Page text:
Having contemptuously dismissed Californian wine because the wine maker is more important than the terroir, they suddenly argue that cocoa beans are only important up to a point. The real talent, they claim, lies with the chocolate maker. Yeah, sure. The trouble with most chocolate snobbery is that it exists in a vacuum. People who buy an over-priced mass market brand like say, Godiva, never bother to find out what chocolate the company uses. Now, some chefs have wisened up to questions about the origins of chocolate. So they will brag that their desserts are made with Valrhona chocolate. This usually is a guarantee of quality (Valrhona makes excellent chocolate) but it does not answer the question of terroir.
Valrhona is a brand not a plantation. I am always leery therefore of people who claim that they only buy their chocolate in Paris or argue that Belgian chocolates are the best in the world. Given that neither of these countries grow any cocoa beans at all, how can they make national claims for the quality of their chocolate? There may well be a good chocolate maker in Brussels or an excellent patissier in Paris. But these are claims for individuals, not for nationalities. So, does terroir matter when it comes to chocolate? Surely it must. It is an agricultural product after all. You can now buy single origin chocolate bars in which very little has been done to the chocolate and the taste of the cocoa bean comes through.
Eat four different chocolate bars from four different regions and you will not fail to notice that each is subtly different. How can people mix up regions, ignore the provenance of the cocoa and still claim to produce the world’s best chocolates? What this means, in real terms, is that a man making chocolate in Delhi has exactly as much chance of turning out an excellent chocolate bar or a chocolate truffle as a man making chocolate in Brussels or Zurich. Both use exactly the same cocoa. And the skills are not so difficult to learn. Why then don’t we get better chocolate in India? In the case of wine, for instance, you can argue that our grapes lack the quality of say, Bordeaux grapes. But those excuses are not available to our chocolate makers. I have no real answer, only some tentative suggestions. The first is that good chocolate can be expensive.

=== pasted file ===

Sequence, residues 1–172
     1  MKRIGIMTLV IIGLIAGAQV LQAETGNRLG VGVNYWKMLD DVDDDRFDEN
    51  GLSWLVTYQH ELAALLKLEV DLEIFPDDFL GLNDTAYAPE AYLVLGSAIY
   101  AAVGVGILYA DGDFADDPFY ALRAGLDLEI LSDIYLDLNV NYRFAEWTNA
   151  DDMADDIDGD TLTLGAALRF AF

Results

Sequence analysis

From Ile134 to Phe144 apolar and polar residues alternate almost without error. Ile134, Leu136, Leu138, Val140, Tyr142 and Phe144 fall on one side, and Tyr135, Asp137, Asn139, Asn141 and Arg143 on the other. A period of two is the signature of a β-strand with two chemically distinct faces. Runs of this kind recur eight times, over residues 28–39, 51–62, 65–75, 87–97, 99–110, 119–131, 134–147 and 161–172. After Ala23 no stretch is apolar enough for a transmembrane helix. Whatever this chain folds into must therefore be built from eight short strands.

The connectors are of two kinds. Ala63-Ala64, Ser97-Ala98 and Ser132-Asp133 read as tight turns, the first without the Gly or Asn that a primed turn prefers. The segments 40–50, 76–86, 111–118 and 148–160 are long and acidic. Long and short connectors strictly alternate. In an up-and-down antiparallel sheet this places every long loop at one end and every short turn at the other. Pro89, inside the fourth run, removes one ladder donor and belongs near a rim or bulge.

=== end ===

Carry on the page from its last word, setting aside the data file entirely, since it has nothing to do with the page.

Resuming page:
Indians do not like paying lots of money for chocolate (not unless it’s got a fancy foreign brand name) so Indian chocolate makers (including the artisanal ones) cut corners and use cheaper ingredients. The second is that we have yet to develop a sophisticated palate when it comes to chocolate. This is not terribly surprising. The majority of Americans, for instance, like Hershey’s with its sour milk taste – a chocolate that no European would be willing to eat. It takes time to develop a national palate and clearly, we’re not there yet. The third is that you don’t really understand what chocolate is about unless you mainline, that is to say, you eat it by the bar without milk, with a relatively high cocoa content and not too much sugar. That kind of chocolate is still difficult to get in India. When I have found it at food stores in Delhi, the bars have tended to be old and have clearly melted and re-solidified several times in the course of their journey to the shop. The fourth is that even the so-called artisanal chocolate makers go to great lengths to mask the flavour of chocolate.
Most of the Indian chocolate boxes I have been sent consist of poncy round chocolates with a variety of nasty fillings designed to overpower the real taste of chocolate. It may seem creative to put orange, ginger and chilli in your chocolate. But it also ensures that the chocolate flavour is assassinated. In my experience, the best chocolate has simple flavours. You can of course eat bars of pure dark chocolate. But there’s nothing wrong in being adventurous and trying something comforting like a fruit and nut bar. My problem is that the chocolate market has now diverged so clearly between serious and flippant chocolate that fruit and nut, which is classified as a flippant chocolate, is nearly always made with milk chocolate.
The dark chocolate bars tend to have grown up nuts such as hazel nuts and no fruit at all. But this could be changing. I gather that among the new dark chocolate flavours that Cadbury’s is introducing is a fruit and nut. Assuming they get it right and do not screw it up with too much sugar, this sounds like it’s worth waiting for. At any rate, with bars of good quality dark chocolate available throughout India because of Cadbury’s distribution network, we may finally be on the verge of developing a national palate for chocolate.